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Culture, Race, and Economics in the Shifting Rural White Vote in the Hill Country South in 2008

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Abstract:

Barack Obama either held his own, or actually improved on the electoral performance of John Kerry, in most Southern states. A look below the state-level indicates a continued sorting in the rural upper and border South. Obama did better in suburbs, urban areas, and the black belt, and much worse in white, rural counties, especially counties in the Ozarks and the Appalachian South. In this paper, we test a variety of cultural, racial, economic, social, and contextual hypotheses advanced to explain the shift in the Democratic presidential vote in the states of the upper Rim South and Border South. We rely mainly on aggregate data from the county level, applying variants of ecological inference and weighted least squares regression to model the changing white Southern presidential vote. Our initial analysis in Tennessee and Oklahoma indicates a strong association between the presence of large, evangelical Protestant congregations in rural hill counties and the decline in the Kerry-to-Obama vote.

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vote (84), polit (71), counti (55), south (53), democrat (51), southern (50), black (49), elect (45), appalachian (44), white (41), appalachia (37), hill (36), 2008 (35), shift (35), 2004 (30), countri (29), obama (29), presidenti (26), chang (24), state (24), 1996 (23),
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Name: Southern Political Science Association
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MLA Citation:

Gaddie, Ronald. and Buchanan, Scott. "Culture, Race, and Economics in the Shifting Rural White Vote in the Hill Country South in 2008" Paper presented at the annual meeting of the Southern Political Science Association, Crowne Plaza Hotel Ravinia, Atlanta, Georgia, Jan 06, 2010 <Not Available>. 2014-11-28 <http://citation.allacademic.com/meta/p385481_index.html>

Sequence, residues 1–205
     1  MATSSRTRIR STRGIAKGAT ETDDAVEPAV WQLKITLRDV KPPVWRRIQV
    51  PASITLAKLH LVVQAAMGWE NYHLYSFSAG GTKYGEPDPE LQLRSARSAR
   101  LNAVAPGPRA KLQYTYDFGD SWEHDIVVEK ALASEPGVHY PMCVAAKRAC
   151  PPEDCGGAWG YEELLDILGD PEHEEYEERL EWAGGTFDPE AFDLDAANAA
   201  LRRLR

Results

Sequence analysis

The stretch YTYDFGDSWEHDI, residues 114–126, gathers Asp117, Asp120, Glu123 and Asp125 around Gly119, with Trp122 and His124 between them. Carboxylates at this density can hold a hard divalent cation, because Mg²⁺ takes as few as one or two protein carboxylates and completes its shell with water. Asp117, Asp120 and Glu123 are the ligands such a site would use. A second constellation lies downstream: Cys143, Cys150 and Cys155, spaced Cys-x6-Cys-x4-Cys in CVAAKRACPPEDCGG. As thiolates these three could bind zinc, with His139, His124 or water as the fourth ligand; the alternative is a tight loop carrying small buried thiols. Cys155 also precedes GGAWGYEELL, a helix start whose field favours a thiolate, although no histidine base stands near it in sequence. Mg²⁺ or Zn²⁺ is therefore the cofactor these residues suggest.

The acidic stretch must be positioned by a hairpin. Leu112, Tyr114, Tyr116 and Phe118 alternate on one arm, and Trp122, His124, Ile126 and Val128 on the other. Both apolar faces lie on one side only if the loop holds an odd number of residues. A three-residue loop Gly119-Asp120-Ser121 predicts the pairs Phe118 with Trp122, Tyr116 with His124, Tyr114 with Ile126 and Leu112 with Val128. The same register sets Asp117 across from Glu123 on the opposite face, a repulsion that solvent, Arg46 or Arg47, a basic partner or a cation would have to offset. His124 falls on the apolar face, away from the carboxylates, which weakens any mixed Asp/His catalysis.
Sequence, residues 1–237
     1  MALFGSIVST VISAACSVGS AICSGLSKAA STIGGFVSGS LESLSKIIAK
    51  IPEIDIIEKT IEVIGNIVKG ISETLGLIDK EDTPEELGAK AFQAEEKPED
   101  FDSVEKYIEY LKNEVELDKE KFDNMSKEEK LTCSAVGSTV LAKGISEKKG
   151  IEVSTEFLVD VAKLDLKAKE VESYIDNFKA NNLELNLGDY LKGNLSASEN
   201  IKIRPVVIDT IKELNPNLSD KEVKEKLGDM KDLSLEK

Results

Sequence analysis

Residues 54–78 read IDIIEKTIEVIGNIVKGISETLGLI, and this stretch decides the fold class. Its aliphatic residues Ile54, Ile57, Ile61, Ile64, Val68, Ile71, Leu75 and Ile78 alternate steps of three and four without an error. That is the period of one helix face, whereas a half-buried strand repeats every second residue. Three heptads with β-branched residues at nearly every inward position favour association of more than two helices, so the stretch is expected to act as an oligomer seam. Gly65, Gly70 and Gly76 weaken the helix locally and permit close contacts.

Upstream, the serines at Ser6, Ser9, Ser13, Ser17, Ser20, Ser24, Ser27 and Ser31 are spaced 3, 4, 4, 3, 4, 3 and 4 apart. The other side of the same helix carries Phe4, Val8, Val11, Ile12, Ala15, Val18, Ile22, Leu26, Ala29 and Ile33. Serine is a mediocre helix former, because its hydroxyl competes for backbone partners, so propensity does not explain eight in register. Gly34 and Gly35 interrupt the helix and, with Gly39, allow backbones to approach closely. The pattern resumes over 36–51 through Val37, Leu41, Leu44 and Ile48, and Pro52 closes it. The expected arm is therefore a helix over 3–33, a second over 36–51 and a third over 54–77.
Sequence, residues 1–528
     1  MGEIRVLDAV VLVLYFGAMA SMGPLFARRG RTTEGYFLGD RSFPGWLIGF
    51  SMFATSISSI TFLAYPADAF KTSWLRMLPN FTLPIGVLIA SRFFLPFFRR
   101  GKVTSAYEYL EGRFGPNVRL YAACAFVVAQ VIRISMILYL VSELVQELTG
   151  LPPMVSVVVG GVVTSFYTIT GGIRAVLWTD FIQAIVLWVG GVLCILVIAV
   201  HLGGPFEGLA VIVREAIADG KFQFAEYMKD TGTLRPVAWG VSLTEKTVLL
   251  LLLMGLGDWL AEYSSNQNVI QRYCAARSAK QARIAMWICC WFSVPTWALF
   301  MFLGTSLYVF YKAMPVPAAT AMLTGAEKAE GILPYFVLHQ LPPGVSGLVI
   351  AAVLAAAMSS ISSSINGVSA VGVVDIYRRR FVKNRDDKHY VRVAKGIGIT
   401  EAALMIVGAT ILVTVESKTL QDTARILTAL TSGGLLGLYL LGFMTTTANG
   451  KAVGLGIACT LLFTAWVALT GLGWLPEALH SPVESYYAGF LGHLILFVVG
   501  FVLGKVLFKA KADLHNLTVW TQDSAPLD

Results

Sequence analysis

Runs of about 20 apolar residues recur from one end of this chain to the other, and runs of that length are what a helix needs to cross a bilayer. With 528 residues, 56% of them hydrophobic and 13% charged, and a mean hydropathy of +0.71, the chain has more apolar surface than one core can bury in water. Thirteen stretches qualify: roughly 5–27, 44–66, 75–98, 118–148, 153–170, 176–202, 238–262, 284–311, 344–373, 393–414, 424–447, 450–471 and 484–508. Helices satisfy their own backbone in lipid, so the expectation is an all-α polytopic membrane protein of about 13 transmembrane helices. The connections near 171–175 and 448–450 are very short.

APA Citation:

Gaddie, R. K. and Buchanan, S. E. , 2010-01-06 "Culture, Race, and Economics in the Shifting Rural White Vote in the Hill Country South in 2008" Paper presented at the annual meeting of the Southern Political Science Association, Crowne Plaza Hotel Ravinia, Atlanta, Georgia Online <APPLICATION/PDF>. 2014-11-28 from http://citation.allacademic.com/meta/p385481_index.html

Publication Type: Conference Paper/Unpublished Manuscript
Review Method: Peer Reviewed
Abstract: Barack Obama either held his own, or actually improved on the electoral performance of John Kerry, in most Southern states. A look below the state-level indicates a continued sorting in the rural upper and border South. Obama did better in suburbs, urban areas, and the black belt, and much worse in white, rural counties, especially counties in the Ozarks and the Appalachian South. In this paper, we test a variety of cultural, racial, economic, social, and contextual hypotheses advanced to explain the shift in the Democratic presidential vote in the states of the upper Rim South and Border South. We rely mainly on aggregate data from the county level, applying variants of ecological inference and weighted least squares regression to model the changing white Southern presidential vote. Our initial analysis in Tennessee and Oklahoma indicates a strong association between the presence of large, evangelical Protestant congregations in rural hill counties and the decline in the Kerry-to-Obama vote.


Similar Titles:
Racial Resentment or Old-Fashioned Racism? Explaining the Vote Choice of Southern and Non-southern Whites in the 2012 U.S. Presidential Election

Obama Takes the Rich: Heuristic Pairing and Political Preference Change During the 2008 Election Cycle

The Return of Sister Souljah: Billary, Obama and Black Candidates in the 2008 South Carolina Democratic Primary


 
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